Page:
Fourteen Members of Major Drug Organization That Trafficked Hundreds of Kilograms of Cocaine and Fentanyl Sentenced
Today Attorney General Jeff Sessions applauded the Chinese government for announcing that it would restrict two chemical precursors to fentanyl.
“Synthetic opioids are killing thousands of people in communities across this nation, and we know that many of these substances originated in China,” Attorney General Sessions said. “President Trump and I have repeatedly brought up this issue with the Chinese government, and we are working to restrict the flow of these drugs to our country. I am pleased to see China taking steps that will protect not just their own people from this poison, but the American people, too. I hope that China will continue to take steps like this and eventually schedule all fentanyl analogues, just as the DEA is doing.”
In 2017, China scheduled a number of fentanyl-class substances, including carfentanil, furanyl fentanyl, valeryl fentanyl, acryl fentanyl, U-47700, MT-45, PMMA, and 4,4’ DMAR. Last week, China’s Ministry of Public Security announced that, effective Feb. 1, NPP and 4ANPP, substances that can be used to make illicit fentanyl, would also be scheduled.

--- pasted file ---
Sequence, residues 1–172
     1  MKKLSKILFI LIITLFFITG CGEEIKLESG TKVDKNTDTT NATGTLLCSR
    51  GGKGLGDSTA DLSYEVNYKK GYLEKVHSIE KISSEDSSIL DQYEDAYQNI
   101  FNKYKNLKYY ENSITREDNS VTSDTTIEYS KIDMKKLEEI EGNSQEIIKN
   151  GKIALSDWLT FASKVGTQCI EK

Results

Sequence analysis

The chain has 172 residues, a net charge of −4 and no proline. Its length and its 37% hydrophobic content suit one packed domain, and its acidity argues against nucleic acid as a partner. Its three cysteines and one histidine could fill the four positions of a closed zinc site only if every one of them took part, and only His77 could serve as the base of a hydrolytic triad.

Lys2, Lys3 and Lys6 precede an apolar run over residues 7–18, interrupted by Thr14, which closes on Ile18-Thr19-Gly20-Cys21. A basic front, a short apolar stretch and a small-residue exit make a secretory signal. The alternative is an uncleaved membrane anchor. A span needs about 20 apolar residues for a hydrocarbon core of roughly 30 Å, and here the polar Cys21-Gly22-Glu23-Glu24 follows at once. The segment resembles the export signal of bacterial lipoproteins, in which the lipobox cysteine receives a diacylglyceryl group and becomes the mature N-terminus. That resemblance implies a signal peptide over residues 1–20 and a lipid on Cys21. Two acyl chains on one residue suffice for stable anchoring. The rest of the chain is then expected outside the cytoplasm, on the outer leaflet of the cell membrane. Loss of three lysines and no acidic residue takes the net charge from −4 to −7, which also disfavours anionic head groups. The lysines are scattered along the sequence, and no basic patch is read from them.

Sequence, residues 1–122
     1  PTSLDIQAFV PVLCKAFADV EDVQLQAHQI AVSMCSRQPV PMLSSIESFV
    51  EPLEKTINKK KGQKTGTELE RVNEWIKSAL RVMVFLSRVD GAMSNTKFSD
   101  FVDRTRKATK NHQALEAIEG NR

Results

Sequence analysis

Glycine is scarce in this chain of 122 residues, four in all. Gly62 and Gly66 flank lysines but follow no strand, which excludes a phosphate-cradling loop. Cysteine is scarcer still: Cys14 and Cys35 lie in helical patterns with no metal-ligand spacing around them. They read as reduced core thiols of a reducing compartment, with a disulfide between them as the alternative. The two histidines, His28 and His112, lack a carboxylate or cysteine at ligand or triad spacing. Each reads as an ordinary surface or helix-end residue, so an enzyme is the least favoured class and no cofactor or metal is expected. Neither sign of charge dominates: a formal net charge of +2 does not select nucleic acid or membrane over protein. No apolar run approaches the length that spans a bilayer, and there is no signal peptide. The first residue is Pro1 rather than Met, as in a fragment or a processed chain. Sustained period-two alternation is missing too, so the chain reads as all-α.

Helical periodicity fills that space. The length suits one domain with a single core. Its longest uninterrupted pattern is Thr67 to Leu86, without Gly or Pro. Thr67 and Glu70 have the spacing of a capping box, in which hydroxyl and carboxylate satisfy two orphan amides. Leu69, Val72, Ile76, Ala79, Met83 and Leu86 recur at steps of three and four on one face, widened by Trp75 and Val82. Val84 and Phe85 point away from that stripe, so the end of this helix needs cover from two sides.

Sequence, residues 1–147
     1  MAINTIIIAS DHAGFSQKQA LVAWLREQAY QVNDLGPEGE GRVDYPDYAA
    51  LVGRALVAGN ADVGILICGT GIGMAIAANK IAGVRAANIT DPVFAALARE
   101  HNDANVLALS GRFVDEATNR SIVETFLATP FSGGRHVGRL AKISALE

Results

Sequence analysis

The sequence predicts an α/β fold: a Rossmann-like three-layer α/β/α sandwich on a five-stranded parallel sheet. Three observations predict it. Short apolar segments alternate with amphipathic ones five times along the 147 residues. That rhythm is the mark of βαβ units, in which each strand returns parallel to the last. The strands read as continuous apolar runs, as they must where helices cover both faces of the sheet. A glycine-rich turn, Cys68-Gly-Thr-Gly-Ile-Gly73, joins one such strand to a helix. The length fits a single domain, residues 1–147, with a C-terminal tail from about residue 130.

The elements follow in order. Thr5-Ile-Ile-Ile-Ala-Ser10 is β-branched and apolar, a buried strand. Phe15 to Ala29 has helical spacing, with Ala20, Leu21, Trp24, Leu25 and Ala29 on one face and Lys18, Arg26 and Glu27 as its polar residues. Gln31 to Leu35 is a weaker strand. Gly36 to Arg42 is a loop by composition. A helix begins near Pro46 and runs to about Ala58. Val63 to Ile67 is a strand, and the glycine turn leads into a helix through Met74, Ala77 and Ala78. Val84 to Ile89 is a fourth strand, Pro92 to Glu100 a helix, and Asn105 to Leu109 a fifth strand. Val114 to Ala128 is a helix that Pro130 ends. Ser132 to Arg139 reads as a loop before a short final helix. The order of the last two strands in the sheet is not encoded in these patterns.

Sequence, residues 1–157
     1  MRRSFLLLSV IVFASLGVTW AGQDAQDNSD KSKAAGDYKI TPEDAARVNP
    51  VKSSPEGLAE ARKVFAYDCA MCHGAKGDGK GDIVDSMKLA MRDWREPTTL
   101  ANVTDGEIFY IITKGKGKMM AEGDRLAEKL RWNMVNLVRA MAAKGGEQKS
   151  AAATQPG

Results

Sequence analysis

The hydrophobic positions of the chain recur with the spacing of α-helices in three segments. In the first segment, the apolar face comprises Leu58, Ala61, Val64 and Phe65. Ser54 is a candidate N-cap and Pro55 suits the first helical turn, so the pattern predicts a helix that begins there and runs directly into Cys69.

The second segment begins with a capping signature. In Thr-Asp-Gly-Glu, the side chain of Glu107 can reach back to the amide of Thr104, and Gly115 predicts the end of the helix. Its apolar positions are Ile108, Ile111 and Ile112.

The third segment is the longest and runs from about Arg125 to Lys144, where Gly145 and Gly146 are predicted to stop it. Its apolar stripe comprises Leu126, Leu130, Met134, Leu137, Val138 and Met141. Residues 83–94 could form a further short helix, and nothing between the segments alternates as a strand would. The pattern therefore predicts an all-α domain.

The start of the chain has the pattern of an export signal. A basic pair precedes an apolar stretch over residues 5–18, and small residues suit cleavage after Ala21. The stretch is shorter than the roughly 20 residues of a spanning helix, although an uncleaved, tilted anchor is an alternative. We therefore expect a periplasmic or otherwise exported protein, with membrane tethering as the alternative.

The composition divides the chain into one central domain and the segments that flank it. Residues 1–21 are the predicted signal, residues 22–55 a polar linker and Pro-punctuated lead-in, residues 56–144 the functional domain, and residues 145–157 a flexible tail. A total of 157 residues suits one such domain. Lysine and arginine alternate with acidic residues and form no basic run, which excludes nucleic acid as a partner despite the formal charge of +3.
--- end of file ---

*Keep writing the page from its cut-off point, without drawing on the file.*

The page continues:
U.S. Department of Justice and Chinese officials maintain frequent contact to collaborate and share data on the threat from fentanyl-class substances. Information-sharing includes scientific data, trafficking trends, and sample exchanges. This dialogue has resulted in more effective methods for identifying deadly substances for government control.
Attorney General Sessions and Deputy Attorney General Rosenstein both requested China’s scheduling action in meetings with then-State Councilor Guo Shengkun of the Chinese Ministry of Public Security. Deputy Attorney General Rosenstein met with then-State Councilor Guo in Beijing, China on Sept. 25, 2017 and the Attorney General met with him in Washington, D.C. on Oct. 3 and 4, 2017.
In October, Deputy Attorney General Rosenstein announced the first-ever indictment of Chinese nationals for attempting to distribute massive quantities of synthetic opioids in two different regions of the United States.
It is estimated that, in 2016, more than 20,000 Americans were killed by overdoses of fentanyl or fentanyl analogues, making these the deadliest drugs in America. According to the U.S.-China Commission, a majority of the fentanyl products in the United States originated in China.